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Iran Insists No Bomb Being Made

Published: March 3, 2009 (Issue # 1453)


TEHRAN, Iran Iran on Monday dismissed U.S. concerns about how much fissile material the country has produced, saying it isnt developing a nuclear bomb and that any effort to make weapons-grade uranium would be difficult under the eyes of international inspectors.

The comments came a day after the chairman of the U.S. Joint Chiefs of Staff, Admiral Mike Mullen, said Iran has sufficient fissile material for a nuclear weapon and warned of a dire outcome if Tehran moves forward with building a bomb.

The International Atomic Energy Agency said Iran has processed 1,010 kilograms of low-enriched uranium. But the report left unclear whether Iran is now capable, even if it wanted, of further enriching that material to the much higher degree needed to build a warhead.

Iranian Foreign Ministry spokesman Hasan Qashqavi told reporters in Tehran, We have said many times that a nuclear weapon has no place in Irans defense doctrine.

Qashqavi did not comment specifically on the amount of fissile material Iran has produced. But he implied that even if Iran wanted to produce weapons-grade uranium, it would be difficult since the countrys enrichment facility is being monitored by the IAEA.

How is it possible for uranium enriched 3 to 4 percent to be enriched up to 90 percent while under IAEA monitoring? he said.

Iran says its nuclear program aims only to generate electricity and has been producing uranium that is less than 5 percent enriched in line with fuel needs of modern reactors. Nuclear weapons use uranium that is enriched to about 90 percent.

The U.S. and many of its allies suspect Irans real aim is to develop a program that would allow it to produce nuclear weapons and fear it will take the next step to further process its enriched uranium. International inspectors have not said Iran has taken that step.

Uranium is enriched by spinning a uranium gas at supersonic speeds in a series of thousands of centrifuges, and the technology can be used to produce low-enriched uranium for fuel or high-enriched for a warhead. But the latter requires more complicated techniques, and experts say it is unclear whether Iran has mastered the process.

U.S. Defense Secretary Robert Gates, also appearing on a Sunday talk show, did not go as far as Mullen, saying the Iranians were not close to a weapon at this point, leaving time for diplomatic efforts. Gates appeared on NBCs Meet the Press Sunday, while Mullen was interviewed on Fox News Sunday.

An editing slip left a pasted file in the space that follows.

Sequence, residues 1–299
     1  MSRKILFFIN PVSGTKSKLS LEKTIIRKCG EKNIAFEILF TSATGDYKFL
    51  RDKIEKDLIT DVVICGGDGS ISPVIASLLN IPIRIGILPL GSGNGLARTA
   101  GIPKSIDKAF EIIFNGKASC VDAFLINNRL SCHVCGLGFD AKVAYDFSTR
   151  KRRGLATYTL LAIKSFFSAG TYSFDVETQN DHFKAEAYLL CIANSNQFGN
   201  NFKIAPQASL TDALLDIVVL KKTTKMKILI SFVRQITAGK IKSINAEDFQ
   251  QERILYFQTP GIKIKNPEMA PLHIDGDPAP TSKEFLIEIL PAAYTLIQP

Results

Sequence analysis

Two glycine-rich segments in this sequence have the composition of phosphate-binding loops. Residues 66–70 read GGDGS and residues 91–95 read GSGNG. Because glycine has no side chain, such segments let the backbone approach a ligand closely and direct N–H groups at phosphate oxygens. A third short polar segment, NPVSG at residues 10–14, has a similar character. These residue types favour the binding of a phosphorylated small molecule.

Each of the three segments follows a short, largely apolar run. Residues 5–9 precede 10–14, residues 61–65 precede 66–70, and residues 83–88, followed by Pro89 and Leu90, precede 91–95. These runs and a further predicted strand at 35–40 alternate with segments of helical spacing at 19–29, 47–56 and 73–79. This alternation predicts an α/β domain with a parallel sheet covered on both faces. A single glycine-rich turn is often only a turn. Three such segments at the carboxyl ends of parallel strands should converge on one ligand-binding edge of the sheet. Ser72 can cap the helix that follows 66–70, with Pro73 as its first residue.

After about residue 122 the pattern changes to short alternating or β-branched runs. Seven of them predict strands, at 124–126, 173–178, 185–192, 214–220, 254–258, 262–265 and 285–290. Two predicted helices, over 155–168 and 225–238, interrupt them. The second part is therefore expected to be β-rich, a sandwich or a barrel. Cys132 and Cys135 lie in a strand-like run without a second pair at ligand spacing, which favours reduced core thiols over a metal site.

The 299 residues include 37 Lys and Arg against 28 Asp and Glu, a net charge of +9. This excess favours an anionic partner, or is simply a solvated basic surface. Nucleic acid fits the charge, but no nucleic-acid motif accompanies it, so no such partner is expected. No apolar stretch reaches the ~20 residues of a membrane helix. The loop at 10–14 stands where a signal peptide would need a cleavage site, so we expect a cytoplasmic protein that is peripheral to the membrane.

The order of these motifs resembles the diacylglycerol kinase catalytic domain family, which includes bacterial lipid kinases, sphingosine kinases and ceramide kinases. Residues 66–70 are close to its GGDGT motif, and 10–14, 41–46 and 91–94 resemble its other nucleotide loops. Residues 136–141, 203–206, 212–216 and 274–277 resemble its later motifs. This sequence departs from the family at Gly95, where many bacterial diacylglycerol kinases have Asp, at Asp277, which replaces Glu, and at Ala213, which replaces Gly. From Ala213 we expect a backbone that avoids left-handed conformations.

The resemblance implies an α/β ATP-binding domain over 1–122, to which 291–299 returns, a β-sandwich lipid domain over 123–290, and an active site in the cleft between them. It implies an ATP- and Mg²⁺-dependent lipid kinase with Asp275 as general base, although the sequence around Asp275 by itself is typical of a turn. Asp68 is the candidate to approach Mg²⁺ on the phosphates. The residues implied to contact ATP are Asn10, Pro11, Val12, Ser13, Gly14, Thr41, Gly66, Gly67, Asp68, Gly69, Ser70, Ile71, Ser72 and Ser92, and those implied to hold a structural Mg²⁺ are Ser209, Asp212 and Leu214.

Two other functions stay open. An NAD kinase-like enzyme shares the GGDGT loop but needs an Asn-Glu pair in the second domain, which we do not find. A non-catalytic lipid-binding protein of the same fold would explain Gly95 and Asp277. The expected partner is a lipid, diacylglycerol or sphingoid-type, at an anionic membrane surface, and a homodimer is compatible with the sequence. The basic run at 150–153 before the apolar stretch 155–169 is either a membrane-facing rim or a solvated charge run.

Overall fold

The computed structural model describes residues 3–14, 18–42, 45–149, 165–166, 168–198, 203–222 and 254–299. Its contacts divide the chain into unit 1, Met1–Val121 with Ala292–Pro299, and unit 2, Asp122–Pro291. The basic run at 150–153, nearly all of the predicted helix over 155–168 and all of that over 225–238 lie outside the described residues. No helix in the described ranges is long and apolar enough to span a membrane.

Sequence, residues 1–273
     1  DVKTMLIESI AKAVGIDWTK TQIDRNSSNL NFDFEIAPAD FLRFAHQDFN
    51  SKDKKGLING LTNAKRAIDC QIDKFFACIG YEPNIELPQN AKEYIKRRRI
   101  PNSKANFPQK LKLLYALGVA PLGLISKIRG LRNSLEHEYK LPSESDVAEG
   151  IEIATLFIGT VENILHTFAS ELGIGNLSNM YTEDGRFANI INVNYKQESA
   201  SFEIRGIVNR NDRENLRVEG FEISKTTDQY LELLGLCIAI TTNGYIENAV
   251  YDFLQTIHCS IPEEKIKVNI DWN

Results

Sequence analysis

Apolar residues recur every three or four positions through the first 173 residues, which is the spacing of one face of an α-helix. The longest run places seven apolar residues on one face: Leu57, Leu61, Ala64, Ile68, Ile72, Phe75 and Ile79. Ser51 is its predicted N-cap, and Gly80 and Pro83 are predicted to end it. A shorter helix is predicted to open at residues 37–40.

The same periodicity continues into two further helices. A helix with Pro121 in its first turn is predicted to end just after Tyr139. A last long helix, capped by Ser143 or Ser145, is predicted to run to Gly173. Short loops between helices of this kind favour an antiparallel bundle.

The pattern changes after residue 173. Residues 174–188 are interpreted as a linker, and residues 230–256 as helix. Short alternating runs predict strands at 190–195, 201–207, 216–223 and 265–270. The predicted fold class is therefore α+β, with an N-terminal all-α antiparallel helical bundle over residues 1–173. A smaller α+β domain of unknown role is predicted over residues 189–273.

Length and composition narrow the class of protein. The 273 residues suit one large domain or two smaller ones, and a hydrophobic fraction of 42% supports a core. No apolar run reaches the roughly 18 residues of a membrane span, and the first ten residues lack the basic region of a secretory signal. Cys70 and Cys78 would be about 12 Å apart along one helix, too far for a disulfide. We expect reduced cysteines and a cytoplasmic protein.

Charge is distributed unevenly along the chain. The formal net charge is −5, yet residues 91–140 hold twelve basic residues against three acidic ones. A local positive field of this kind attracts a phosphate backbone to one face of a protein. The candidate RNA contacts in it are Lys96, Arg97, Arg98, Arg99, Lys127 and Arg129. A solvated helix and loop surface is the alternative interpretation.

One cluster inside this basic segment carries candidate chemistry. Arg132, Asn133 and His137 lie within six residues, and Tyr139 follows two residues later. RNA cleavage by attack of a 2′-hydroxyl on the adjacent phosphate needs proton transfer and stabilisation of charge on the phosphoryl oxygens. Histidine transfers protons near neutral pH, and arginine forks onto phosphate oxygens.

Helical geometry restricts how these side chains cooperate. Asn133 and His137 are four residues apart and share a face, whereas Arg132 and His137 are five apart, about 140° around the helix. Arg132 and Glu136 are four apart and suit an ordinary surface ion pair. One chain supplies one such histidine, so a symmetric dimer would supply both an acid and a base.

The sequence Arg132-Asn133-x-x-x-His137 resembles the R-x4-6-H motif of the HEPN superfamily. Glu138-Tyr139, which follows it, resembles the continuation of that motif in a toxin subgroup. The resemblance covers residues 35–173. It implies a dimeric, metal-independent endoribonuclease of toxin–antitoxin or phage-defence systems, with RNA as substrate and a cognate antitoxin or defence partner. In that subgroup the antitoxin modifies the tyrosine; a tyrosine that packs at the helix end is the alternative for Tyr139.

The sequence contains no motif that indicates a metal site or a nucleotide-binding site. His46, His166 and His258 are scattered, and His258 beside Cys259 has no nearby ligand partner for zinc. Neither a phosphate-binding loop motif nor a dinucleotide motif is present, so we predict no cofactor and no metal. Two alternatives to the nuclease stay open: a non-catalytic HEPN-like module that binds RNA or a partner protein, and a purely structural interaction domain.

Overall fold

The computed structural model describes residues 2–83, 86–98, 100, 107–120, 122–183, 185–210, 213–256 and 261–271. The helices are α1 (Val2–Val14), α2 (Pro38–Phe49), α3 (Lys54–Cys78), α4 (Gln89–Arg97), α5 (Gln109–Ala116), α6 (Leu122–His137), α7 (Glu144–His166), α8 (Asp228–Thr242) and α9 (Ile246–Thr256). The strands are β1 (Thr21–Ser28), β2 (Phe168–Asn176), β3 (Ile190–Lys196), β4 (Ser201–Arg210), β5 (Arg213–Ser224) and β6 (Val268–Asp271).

President Barack Obama has offered increased diplomatic engagement with Iran in a bid to prove Tehran has more to lose by ignoring the wishes of countries concerned about its uranium enrichment than it has to gain through its nuclear efforts.

The UN has passed three sets of sanctions against Iran for its failure to suspend its uranium enrichment program.





 


ALL ABOUT TOWN

Thursday, July 31


Develop your leadership abilities during a lecture by famous Russian author and coach Radislav Gandapas. The event starts at 9 a.m. at 5 Lodeinopolskaya Ulitsa. The price for entry is 20,500 rubles ($570).


Relax and enjoy a Parisian atmosphere with some romantic and laidback jazz tunes during the Night of French Music at Lenny Jam Cafe, 63 Ligovsky Prospekt. The entrance fee is 250 rubles ($7).


The Womens Business Club is hosting a Beauty Brunch where participants are invited to discuss the latest news in the beauty industry and listen to lectures by professional stylists in the business.



Friday, Aug. 1


Bikers from all around the world will gather to take part in a parade, extreme shows and rock concerts during the International Biker Festival that revs its engines today and runs through Aug. 3 near Olgino Hotel, 4/2 Primorskogo Shosse.


The Peter and Paul Fortress will be turned into an open-air cinema today and tomorrow as part of the 5th International Short and Animation Film Festival. A huge screen across the fortress walls will air short films non-stop with board games, photo sessions and other activities also on offer for visitors. For more information, visit www.opencinemafest.ru



Saturday, Aug. 2


Gatchina Palace Park Museum will host its second annual Night of Light, an impressive audio-visual show across the night sky. Tickets are 600 rubles ($16).


If graphic design is more your thing then check out Illustration Day, where you will be able to visit an exhibition, attend lectures by professionals and even show experts some of your own work. The event starts at noon at Zona Deystvia, 73 Ligovsky Prospekt. The entrance fee is 350 rubles ($10).



Sunday, Aug. 3


History lovers shouldnt miss the chance to see reenactments of World War I battles in Pushkin at noon. Besides exciting war scenes, visitors can enjoy live music, historical costumes, an equestrian show and a fancy-dress parade starting from the Moscow gates.


Garage Sale, the popular and growing flea market where nothing is priced over 500 rubles ($14.11), starts today at noon in Loft-Project Etagi, 74 Ligovsky Prospekt. Be sure to get in early to score a bargain. Entry costs 50 rubles ($1.40)



Monday, Aug. 4


Continue the working week with a calm and steady mind with a free yoga lesson at 7 p.m. in the Bukvoyed store at 23A Vladimirsky Prospekt.



Tuesday, Aug. 5


Visit The Romanov Dynasty doll exhibition today, where more than fifty porcelain dolls depicting Russian rulers, and made by Olina Ventzel, will be on show. The exhibition continues through Aug. 31 in Sheremetyev Palace, 34 Fontanka Naberezhnaya.



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